- Foreign Birth Documentation – if you were born outside the United States to parent who are United States citizens but are unable to complete the Consular Report of Birth Abroad noted above, you may submit: your parent’s evidence of their United States Citizenship, your parent’s marriage documentation, your parent’s statement addressing their citizenship and residency within the United States and outside prior to your birth, and your foreign birth certificate.
- DS-10 Form – this form is a birth affidavit. It is required to be: submitted with a DS-11 Application for Passport Form, submitted in combination with any available early termed public records, completed by someone detailing how they are familiar with you and their knowledge of your United States birth and presence thereafter (preferably by an older relative), and notarized.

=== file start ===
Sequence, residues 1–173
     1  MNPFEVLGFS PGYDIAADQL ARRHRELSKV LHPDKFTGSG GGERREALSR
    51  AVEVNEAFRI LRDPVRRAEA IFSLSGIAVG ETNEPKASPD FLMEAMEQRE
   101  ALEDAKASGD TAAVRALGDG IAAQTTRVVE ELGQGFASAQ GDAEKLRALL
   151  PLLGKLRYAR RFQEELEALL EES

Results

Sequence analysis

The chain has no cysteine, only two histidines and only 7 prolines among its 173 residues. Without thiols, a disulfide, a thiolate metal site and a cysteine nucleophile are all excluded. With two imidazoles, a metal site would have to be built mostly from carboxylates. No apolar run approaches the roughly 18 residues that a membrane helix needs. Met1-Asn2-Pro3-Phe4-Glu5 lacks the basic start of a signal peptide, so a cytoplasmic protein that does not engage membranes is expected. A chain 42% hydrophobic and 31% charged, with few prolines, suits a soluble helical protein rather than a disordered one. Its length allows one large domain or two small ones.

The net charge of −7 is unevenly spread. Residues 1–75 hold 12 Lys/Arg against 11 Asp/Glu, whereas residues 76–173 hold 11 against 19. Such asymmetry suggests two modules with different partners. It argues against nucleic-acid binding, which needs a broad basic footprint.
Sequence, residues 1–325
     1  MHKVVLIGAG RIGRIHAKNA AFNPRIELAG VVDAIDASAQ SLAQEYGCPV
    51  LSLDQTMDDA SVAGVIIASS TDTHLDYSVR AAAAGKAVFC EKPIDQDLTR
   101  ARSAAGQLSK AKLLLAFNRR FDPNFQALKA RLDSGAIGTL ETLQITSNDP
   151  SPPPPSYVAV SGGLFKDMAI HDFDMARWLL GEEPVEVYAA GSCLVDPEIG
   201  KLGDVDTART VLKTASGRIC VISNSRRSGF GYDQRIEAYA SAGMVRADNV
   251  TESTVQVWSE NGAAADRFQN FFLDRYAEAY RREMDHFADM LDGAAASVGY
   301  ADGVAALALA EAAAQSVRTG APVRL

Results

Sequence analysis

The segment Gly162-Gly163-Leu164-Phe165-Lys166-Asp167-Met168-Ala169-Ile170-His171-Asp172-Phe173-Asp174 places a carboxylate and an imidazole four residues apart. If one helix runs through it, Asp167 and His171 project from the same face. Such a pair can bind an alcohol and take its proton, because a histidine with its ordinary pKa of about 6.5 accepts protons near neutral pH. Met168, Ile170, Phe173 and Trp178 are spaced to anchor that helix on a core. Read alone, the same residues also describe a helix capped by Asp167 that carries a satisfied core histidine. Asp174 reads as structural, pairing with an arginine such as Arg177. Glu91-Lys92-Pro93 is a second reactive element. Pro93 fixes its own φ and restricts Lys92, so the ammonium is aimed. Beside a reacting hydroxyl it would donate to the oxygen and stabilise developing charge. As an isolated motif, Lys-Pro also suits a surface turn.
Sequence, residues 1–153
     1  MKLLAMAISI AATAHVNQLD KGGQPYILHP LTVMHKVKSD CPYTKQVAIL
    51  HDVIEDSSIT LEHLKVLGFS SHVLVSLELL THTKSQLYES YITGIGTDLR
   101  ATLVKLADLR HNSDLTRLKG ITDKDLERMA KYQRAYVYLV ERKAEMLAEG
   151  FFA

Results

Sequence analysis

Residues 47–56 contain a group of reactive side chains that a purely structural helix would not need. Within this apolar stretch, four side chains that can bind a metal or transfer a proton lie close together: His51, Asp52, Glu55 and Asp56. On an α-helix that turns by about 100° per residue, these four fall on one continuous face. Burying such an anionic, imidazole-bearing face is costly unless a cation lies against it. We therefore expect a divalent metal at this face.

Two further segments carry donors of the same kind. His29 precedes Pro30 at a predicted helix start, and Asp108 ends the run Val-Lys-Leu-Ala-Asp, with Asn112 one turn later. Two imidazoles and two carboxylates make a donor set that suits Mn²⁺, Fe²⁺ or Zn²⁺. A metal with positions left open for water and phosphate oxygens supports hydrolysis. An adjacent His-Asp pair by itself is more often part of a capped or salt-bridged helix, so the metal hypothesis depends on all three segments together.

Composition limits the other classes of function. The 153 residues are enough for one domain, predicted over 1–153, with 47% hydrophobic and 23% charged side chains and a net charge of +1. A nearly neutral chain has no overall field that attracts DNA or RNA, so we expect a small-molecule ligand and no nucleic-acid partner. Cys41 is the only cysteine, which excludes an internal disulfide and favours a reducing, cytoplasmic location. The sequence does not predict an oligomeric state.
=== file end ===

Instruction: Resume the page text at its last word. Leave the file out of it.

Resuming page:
Again, usually, these forms are insufficient on their own. If possible, research which secondary evidentiary proof is sufficient and try to submit any secondary proof available to you.
Lower Evidentiary Proof
If primary and secondary evidence is unavailable to you, there are alternative means to demonstrate your United States Citizenship. However, these alternative means are usually only accepted in the total absence of primary or secondary evidentiary proof. Additionally, this lower accepted level of proof regarding United States citizenship must have been created at least five years prior to your application attempting to prove your citizenship with the United States.
The lower evidentiary proof may or may not be sufficient. Depending on your reason(s) in attempting to prove United States citizenship the following may be acceptable:
- Hospital record on the hospital’s letterhead created five years before your respective application in an attempt to prove United States citizenship indicating your birth place.
- Insurance record demonstrating your birth place, within the United States.